PRESS UPDATE : DAILY EXPRESS .. JANUARY 23RD 2015..
Meet the other Queen Elizabeth: Liz Hurley in royal family comedy
Liz Hurley is about to star in a new drama called The Royals which one critic has already described as ‘possibly the worst show in the history of television’
Alexandra Park, Liz Hurley and Joan Collins as three generations of royal ladies
The Queen is not amused. “The teacup. With no saucer,” she booms. “It’s a ******* disgrace.”
This is the royal family as you have never seen them before. And as you never will see them for these outraged words are spoken not by Queen Elizabeth II but by fictional Queen Helena, played with camp aplomb by Elizabeth Hurley in a new American TV series.
American-made drama The Royals follows the outrageous fortunes of a fantasy British royal family and offers more scandalous behaviour than any real-life annus horribilis could create.
It’s Desperate Housewives with tiaras. It’s Footballers’ Wives with a twisted silver spoon added. It’s a TV show that launches in the US in March and has already been commissioned for a second series.
The Americans can’t get enough of this sort of stuff. With the catchline “anarchy in the monarchy” the show promises to be unmissable television – possibly for all the wrong reasons.
Dame Joan Collins plays the Queen’s mother – the fi ctionally titled Grand Duchess of Oxfordshire – and does so in full Alexis Carrington mode.
This means there are plenty of power shoulder pads, pleasingly reminiscent of her starring role in 1980s series Dynasty, as well as power putdowns (and lots of diamonds). The king is called Simon (really), people crash Range Rovers into red telephone boxes and shoot 12-bore shotguns on cliffs.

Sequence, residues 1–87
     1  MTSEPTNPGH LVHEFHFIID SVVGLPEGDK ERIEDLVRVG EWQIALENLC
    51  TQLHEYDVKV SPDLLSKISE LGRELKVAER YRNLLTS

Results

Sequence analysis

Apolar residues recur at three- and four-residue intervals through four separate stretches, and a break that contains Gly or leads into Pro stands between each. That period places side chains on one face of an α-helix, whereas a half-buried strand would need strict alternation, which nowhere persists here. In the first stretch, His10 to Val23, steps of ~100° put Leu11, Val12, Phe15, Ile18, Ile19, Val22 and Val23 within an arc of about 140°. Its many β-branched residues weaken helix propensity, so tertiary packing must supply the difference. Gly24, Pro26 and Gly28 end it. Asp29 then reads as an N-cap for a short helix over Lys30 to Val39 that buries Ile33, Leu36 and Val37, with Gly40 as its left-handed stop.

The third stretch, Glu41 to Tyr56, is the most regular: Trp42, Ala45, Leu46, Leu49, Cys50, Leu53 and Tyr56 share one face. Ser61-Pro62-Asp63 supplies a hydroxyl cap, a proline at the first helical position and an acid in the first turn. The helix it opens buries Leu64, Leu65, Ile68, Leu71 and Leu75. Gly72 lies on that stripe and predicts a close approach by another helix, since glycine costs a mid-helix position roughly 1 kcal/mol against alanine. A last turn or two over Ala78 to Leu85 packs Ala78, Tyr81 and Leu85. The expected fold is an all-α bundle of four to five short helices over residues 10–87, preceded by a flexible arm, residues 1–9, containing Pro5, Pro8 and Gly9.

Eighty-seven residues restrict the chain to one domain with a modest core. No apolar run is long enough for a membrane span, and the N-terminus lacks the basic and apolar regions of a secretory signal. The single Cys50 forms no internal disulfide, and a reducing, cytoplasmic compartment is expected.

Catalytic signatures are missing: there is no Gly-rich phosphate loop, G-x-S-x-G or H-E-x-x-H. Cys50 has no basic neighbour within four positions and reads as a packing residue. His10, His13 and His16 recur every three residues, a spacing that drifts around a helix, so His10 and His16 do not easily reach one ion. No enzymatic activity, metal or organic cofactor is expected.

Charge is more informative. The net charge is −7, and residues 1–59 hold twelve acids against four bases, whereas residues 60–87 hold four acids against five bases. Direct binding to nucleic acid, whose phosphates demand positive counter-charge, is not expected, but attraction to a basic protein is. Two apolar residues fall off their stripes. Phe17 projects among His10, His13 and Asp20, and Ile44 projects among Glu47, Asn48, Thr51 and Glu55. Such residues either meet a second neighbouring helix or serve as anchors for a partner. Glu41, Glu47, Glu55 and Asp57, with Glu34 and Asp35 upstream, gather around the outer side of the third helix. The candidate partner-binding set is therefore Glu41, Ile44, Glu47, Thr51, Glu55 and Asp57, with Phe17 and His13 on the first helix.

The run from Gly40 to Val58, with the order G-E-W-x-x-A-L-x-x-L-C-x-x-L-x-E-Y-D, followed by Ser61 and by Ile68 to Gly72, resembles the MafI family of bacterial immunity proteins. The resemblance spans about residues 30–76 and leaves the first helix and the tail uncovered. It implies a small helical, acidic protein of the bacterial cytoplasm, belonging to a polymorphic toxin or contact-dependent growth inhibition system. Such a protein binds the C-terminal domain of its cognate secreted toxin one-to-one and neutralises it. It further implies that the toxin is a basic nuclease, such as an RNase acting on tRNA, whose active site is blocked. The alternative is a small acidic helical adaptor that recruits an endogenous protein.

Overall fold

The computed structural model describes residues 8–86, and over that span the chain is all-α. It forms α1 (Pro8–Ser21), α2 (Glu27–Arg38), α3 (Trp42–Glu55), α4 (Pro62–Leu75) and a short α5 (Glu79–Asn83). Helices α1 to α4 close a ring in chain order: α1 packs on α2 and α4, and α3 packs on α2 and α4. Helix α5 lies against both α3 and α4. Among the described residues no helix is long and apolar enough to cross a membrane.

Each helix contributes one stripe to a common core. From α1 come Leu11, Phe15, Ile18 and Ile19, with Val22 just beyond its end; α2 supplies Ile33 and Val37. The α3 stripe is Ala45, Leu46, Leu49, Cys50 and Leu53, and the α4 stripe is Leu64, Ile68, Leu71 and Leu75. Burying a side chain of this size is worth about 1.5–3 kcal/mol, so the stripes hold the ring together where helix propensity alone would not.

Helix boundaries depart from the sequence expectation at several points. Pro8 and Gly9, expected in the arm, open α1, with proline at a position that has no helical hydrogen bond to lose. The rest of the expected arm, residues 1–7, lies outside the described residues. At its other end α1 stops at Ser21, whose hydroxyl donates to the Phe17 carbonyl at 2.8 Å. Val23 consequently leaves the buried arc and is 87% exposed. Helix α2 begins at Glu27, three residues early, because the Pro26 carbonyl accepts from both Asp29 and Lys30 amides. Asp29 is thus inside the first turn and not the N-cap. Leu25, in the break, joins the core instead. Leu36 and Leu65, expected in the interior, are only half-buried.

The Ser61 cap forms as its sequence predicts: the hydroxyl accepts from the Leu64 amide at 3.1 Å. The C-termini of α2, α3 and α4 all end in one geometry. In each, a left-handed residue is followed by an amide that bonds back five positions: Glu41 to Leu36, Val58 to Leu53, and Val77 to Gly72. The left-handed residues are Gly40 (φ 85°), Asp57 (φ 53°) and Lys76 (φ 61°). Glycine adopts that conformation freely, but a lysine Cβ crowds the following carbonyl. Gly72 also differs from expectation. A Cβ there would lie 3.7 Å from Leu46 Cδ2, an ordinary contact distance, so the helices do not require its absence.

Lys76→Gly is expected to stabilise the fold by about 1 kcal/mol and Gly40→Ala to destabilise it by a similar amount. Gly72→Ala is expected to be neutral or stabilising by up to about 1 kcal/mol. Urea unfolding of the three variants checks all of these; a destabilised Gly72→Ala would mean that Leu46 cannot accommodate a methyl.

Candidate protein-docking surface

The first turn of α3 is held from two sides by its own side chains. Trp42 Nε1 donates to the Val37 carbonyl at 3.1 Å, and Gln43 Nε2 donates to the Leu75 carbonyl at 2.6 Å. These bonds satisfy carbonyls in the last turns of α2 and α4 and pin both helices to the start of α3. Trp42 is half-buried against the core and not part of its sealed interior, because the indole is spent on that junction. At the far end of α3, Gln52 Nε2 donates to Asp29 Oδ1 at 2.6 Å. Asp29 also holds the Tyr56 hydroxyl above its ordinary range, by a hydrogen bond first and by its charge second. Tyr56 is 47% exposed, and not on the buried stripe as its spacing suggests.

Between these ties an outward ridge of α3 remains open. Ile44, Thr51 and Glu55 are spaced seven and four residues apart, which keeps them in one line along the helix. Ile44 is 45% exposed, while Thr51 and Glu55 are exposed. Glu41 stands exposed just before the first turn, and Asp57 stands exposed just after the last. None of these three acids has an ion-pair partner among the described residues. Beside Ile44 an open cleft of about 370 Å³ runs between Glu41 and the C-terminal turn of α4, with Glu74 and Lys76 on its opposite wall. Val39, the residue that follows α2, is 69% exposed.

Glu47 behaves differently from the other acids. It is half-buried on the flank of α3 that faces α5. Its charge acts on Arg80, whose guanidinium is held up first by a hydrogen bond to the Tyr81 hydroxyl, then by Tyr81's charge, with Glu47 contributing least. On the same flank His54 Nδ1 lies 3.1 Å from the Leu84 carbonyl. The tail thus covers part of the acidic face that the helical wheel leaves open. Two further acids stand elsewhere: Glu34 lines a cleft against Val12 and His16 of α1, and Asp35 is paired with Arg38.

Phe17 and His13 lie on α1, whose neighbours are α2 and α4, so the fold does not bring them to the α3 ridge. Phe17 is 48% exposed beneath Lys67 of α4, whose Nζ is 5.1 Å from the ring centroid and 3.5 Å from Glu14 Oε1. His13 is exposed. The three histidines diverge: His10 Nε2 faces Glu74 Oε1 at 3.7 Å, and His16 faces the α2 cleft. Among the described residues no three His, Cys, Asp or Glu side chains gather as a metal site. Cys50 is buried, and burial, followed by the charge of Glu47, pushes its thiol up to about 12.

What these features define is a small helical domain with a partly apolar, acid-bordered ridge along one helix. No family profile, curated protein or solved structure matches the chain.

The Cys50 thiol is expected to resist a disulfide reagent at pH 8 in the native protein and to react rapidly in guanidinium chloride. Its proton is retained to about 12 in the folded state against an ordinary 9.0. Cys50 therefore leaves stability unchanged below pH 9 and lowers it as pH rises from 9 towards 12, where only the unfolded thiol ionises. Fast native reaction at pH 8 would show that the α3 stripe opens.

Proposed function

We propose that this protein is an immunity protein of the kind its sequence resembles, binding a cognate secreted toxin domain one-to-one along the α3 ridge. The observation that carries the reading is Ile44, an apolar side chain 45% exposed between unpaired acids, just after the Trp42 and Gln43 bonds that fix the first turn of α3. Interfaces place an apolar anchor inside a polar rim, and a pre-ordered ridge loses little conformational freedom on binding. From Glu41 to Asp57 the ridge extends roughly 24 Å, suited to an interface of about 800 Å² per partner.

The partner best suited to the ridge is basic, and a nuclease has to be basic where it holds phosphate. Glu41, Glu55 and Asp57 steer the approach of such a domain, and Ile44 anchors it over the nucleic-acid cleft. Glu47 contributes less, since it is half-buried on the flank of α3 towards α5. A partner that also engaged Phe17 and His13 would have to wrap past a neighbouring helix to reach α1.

Sexy Princess Eleanor (played by newcomer Alexandra Park, 21, a dead-ringer for Liz Hurley at the same age) is high on cocaine while Prince Liam (a Prince William lookalike played by 27-year-old William Moseley) is in love with Ophelia, an American blonde studying art history and dance whom he met during a drunken encounter.
The alternative Royal family that's making headlines in America
There are drugs, sword fights, royal nudity and lots of attractive posh people being irresponsible. Delivering decadence and debauchery in equal measure it is flashy, trashy and far from many people’s idea of taste.
One leading Australian critic has described it as “a bunch of bed-hopping halfwits saddled with… very, very lousy dialogue” and called it “possibly the worst show in the history of TV”.
But even this is unlikely to damage ratings because what the show offers is the fascination of an alternative regal reality. Take the moment Queen Helena imagines addressing the nation in her Christmas message with what she is really thinking: “My husband is a stranger to me.”
She also refers to her daughter as “Princess party animal”. Hurley, 49, clearly enjoyed making the series. “I thought , what would it be like if Princess Diana became Queen of England?” she says. “I took my inspiration from her.
But of course what we never got to see with Princess Diana was what went on behind closed doors. Some of it we picked from Cruella de Vil, the Disney character, and the rest I added in.”
AMERICAN critics love it and have called it “a twisted, soapy take on England’s first family”. The show’s creator Mark Schwahn says: “I was working with Elizabeth on wardrobe and she asked, ‘Why not add in bits of fur? I think the Queen should wear bits of cruelty once in a while’.”
The series was filmed at Blenheim Palace, Oxfordshire, where Sir Winston Churchill was born. Its owner the 12th Duke of Marlborough must be wondering if The Royals has the potential to do for his home what Downton Abbey has done for Highclere Castle, where American tourists have been arriving in busloads at the rate of 1,200 a day.